As far as Canal Mills is concerned, this was my maiden voyage. Having always previously opted to travel across to The Warehouse Project’s traditional New Year’s Day bash, I was excited to see what Leeds had in store. The artists performing were certainly cut from the same cloth, and with their proximity it made a lot of sense that some appeared on both bills. The lineup promised plenty of bass with just enough funk and soul to keep things interesting. There was a lot to pick through, but with hometown boy returning for a peak-time slot my eyes were firmly on him.
Midland was in scintillating form. His ability to loop, fade and transition tracks is flawless. But it’s his track selection which sets him apart from the rest of the lineup. He’s taken something of a liking to Todd Terje’s edit of “For Your Love” by Yardbirds recently, yet always chooses the right moment to spin it. Here he looped the hook two or three times before throwing down a sharp drop into some more unabashed techno. It was indicative of his ability to read a room. While his own productions and many of his sets are disco-tinged, there aren’t many main rooms rowdier than Canal Mills on New Year’s Day. The crowd wanted hi hats and rolling basslines. And they got them. He even found a way to play Fresh & Low’s “My Mission” underneath another track and make it sound as one. A rare talent.
Earlier in the night Artwork had played a typically eclectic soulful set, which included a slightly bizarre New Year’s Eve inspired countdown from ten. A gentleman on a PA began a countdown from ten, the music stopped, and Artwork dropped "Everybody Dance". Odd, but fun nonetheless.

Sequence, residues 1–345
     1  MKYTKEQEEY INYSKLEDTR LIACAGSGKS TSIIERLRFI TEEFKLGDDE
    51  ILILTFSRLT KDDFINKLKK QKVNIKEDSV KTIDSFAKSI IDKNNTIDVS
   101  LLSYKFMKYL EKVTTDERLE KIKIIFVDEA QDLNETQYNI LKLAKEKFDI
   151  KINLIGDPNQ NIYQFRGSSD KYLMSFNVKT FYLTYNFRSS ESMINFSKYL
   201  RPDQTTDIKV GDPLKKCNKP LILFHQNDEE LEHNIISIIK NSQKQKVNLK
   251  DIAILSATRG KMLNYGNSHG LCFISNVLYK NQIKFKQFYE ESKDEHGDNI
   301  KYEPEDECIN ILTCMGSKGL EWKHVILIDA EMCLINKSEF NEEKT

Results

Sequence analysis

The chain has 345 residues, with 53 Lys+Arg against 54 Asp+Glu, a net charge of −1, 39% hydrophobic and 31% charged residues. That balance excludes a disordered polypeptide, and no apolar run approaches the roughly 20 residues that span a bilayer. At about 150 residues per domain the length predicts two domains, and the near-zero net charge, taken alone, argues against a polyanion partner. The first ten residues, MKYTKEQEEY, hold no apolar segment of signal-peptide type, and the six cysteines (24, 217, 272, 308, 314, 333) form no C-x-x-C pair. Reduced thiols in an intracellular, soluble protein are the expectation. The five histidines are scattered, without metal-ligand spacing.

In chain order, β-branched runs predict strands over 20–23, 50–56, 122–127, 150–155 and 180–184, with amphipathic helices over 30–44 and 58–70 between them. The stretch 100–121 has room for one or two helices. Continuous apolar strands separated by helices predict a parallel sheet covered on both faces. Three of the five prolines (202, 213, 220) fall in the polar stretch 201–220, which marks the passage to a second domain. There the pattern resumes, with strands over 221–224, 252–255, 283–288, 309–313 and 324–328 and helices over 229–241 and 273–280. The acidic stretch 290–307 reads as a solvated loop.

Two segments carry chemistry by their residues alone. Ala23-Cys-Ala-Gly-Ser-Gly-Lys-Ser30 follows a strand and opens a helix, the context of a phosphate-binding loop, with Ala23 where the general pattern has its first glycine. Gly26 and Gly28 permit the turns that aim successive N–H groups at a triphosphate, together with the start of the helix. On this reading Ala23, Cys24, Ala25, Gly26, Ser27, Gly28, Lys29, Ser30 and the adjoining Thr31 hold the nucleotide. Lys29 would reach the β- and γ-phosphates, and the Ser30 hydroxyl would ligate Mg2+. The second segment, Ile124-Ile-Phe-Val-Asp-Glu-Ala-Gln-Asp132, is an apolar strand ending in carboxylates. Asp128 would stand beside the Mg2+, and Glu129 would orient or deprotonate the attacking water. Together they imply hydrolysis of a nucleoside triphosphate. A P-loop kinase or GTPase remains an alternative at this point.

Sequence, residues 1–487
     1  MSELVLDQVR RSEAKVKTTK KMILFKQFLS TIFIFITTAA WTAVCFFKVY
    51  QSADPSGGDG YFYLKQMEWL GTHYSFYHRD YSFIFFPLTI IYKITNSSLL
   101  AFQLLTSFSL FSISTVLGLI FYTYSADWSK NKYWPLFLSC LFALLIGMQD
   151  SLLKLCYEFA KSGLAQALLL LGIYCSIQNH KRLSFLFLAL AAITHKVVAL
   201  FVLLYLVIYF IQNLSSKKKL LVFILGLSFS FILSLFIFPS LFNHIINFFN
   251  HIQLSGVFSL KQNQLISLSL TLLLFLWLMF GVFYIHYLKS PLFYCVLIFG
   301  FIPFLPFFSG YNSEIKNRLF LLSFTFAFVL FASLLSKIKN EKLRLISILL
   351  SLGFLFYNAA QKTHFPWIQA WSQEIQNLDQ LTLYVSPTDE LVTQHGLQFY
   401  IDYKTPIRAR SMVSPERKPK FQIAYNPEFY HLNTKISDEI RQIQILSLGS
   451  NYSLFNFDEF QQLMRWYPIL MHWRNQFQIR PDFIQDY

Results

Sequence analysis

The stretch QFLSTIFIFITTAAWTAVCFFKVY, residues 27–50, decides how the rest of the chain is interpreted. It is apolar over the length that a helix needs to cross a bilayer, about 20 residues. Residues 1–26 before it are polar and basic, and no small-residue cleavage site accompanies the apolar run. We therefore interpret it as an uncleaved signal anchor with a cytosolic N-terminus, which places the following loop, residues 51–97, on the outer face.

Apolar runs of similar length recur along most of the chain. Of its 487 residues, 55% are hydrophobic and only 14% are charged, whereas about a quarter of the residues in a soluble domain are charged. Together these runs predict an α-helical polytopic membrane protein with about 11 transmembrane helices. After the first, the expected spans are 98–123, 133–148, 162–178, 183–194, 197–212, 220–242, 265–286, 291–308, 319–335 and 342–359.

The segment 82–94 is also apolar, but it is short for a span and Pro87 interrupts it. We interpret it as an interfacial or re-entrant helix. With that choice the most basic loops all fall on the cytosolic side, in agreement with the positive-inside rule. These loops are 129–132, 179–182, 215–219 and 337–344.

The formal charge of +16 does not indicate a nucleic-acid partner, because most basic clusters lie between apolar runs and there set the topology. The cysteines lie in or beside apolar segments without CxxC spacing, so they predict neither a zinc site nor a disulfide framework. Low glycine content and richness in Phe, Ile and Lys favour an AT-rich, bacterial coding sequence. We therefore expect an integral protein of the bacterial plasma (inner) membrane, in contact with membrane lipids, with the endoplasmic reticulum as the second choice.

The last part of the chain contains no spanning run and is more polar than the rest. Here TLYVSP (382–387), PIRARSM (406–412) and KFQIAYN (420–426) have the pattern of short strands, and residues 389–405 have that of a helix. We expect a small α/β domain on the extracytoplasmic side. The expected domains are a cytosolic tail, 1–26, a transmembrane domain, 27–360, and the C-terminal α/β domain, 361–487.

(Midland had a huge year in 2017, and got 2018 to a similarly euphoric start at Canal Mills)
Room 2 spent the entire night moving to the sounds of Young Marco and Hunee. There are far worse way to spend six hours of your life. Young Marco had thrown an absolute curveball in the shape of Josh Wink’s “Higher State of Consciousness” shortly before Hunee took the wheel. The room, dimly lit and unassuming, gave some welcome respite from the intensity of the main room. The sound bled between the two somewhat, and the thoroughfare in the middle was something of an ordeal. But it’s part of the parcel of having excellent DJs in both rooms, and nobody seemed to mind too much.
Denis Sulta is similarly riding the crest of a wave. It’s safe to say that the majority of the crowd inside Canal Mills were there predominantly for the fresh faced Glaswegian selector. His latest productions have been solid, but his DJ sets are an entirely different beast. There few clubs in the country which haven’t born witness to him playing “Blow Your Mind” by Lock N Load, a cheesy throwback to an altogether different raving era. Here he was more considered but he wasn’t holding back. Paranoid London’s remix of “Angel of Hell” got an enormous reception. Josh Wink & Lil Louis’ “So How’s Your Evening So Far” also got an airing, owing to Sulta’s nose for excellent late nineties and early noughties anthems. A cursory glance of the Identification of Music Group the following morning threw up the phrase “unreleased Sulta” dozens of times, so it’s safe to assume there are new tunes on the way in the not too distant future. A tremendous way to kick off 2018.
(Denis Sulta served up a huge set packed with unreleased bangers)
Photos courtesy of Jack Kimber Photography
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